- Java may not be installed (did you really skip the first line of the instructions above?)
- The wrong version of Java is installed (32-bit instead of 64-bit, or vice-versa)
javacommand is not in your system's PATH.
- Computers don't like you.
Make sure that
antis available. Do the same steps as with
Are you behind a proxy? If you are working in a proxy environment use
ant run -autoproxy.
When running ant, the warnings about
unable to locate tools.jarand mentions of
JAVA_HOMEnot being set can be ignored. It's not necessary to set
JAVA_HOMEto build Processing. (Before Processing 2.1, it was necessary. No longer.)
The build process on Windows and Linux will download its own JRE from Oracle so that it's using the correct/tested version. We only support one version of Java for each release. This helps minimize the already ridiculous number of variables we already have to test against.
A faster download
If you're using Git 1.9 or above, you can optionally “shallow clone” repositories using git's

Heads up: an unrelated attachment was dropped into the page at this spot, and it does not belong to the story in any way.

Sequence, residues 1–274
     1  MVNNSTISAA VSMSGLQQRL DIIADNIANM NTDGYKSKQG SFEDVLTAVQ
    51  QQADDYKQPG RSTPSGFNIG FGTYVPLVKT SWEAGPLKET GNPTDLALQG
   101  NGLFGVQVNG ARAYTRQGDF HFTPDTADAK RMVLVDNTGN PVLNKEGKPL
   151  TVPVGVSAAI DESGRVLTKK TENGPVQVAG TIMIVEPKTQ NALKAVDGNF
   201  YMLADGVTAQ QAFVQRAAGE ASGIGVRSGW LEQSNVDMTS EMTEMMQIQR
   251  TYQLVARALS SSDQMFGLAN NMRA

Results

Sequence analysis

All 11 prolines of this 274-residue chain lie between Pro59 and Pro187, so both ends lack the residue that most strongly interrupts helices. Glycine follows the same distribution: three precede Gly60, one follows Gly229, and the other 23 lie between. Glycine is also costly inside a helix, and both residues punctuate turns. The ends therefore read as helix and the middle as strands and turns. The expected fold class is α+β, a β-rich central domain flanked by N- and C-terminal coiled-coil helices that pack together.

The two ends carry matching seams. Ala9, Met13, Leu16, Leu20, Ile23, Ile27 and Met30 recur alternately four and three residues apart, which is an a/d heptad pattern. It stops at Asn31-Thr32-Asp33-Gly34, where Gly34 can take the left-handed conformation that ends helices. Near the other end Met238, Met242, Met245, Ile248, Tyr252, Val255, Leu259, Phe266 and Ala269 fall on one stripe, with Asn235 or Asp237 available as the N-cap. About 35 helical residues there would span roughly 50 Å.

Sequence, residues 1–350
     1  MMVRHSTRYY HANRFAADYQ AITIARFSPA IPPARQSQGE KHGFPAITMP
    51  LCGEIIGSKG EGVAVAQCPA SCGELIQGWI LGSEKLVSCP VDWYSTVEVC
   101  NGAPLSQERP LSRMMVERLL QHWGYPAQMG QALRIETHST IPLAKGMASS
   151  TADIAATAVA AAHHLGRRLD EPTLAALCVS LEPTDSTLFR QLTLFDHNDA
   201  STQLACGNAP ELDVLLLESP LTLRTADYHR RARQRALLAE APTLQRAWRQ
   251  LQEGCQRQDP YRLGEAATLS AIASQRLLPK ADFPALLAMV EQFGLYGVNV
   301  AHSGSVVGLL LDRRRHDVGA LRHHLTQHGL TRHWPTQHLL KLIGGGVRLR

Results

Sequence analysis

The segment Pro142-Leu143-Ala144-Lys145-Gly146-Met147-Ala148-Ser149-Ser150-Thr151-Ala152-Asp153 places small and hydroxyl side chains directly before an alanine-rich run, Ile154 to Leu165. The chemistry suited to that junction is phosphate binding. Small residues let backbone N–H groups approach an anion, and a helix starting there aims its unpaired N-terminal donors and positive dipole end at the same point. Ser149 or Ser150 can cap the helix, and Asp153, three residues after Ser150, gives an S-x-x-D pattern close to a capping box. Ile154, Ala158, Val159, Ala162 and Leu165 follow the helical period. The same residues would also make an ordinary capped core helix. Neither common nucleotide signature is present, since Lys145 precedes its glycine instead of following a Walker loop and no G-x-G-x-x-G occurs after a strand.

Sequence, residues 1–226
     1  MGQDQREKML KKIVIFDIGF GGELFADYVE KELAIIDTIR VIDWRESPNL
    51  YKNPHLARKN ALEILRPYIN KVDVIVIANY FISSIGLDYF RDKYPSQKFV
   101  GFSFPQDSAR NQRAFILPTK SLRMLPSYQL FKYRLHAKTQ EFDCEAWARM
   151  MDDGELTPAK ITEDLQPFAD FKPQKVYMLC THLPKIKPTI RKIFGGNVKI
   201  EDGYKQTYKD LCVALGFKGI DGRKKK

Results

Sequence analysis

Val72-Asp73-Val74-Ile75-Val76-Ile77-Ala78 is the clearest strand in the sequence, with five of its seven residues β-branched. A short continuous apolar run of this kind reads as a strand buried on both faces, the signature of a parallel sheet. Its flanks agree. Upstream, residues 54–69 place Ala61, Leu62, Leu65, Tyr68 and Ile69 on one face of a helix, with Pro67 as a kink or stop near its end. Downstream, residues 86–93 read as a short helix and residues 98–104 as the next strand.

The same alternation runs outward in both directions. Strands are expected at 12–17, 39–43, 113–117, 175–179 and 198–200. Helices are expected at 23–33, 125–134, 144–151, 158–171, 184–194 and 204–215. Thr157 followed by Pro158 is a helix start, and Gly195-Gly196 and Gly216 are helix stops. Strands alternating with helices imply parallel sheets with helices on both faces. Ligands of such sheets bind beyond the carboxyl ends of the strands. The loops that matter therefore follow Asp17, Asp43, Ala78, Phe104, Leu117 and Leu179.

--depth option. The download size is reduced to ~50 MB (instead of the full 1.5 GB for the main repo). See this link for more.
git clone https://github.com/processing/processing.git --depth 1
The above command will fetch the history of just the latest commit instead of all the commits of the last 14 years. A shallow clone is helpful if you're planning to submit a quick patch. Git 1.9 is relatively new, so you'll probably need to update your git installation before using this option.
Platform Specific Notes
Happily, each of the platforms we support is different. That means we do extra work to make things work everywhere.
Mac OS X Notes
- The Mac build requires a specific version of Java. Here's the setting inside
<property name="jdk.version" value="8" /> <property name="jdk.update" value="51" /> <property name="jdk.build" value="16" />
That means it'll go looking for JDK 8u51 on your system. You can change that value to something higher than 51, if that's what you're using. Keep in mind that there may be incompatibilities. I'll leave the